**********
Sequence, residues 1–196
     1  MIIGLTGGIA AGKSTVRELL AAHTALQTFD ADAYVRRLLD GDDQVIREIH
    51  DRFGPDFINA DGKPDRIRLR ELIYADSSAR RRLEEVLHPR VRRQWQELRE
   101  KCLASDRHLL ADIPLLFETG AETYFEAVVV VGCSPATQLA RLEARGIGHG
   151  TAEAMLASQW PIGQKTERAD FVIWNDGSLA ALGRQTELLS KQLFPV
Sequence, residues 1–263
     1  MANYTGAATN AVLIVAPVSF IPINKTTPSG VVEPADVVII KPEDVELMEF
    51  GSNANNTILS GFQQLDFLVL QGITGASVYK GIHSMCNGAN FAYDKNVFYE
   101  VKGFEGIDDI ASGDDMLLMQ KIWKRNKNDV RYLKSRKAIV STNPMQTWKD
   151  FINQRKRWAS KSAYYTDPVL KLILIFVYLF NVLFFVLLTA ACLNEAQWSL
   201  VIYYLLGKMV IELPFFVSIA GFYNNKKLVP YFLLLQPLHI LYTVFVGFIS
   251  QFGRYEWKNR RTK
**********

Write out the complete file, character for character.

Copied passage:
Sequence, residues 1–196
     1  MIIGLTGGIA AGKSTVRELL AAHTALQTFD ADAYVRRLLD GDDQVIREIH
    51  DRFGPDFINA DGKPDRIRLR ELIYADSSAR RRLEEVLHPR VRRQWQELRE
   101  KCLASDRHLL ADIPLLFETG AETYFEAVVV VGCSPATQLA RLEARGIGHG
   151  TAEAMLASQW PIGQKTERAD FVIWNDGSLA ALGRQTELLS KQLFPV
Sequence, residues 1–263
     1  MANYTGAATN AVLIVAPVSF IPINKTTPSG VVEPADVVII KPEDVELMEF
    51  GSNANNTILS GFQQLDFLVL QGITGASVYK GIHSMCNGAN FAYDKNVFYE
   101  VKGFEGIDDI ASGDDMLLMQ KIWKRNKNDV RYLKSRKAIV STNPMQTWKD
   151  FINQRKRWAS KSAYYTDPVL KLILIFVYLF NVLFFVLLTA ACLNEAQWSL
   201  VIYYLLGKMV IELPFFVSIA GFYNNKKLVP YFLLLQPLHI LYTVFVGFIS
   251  QFGRYEWKNR RTK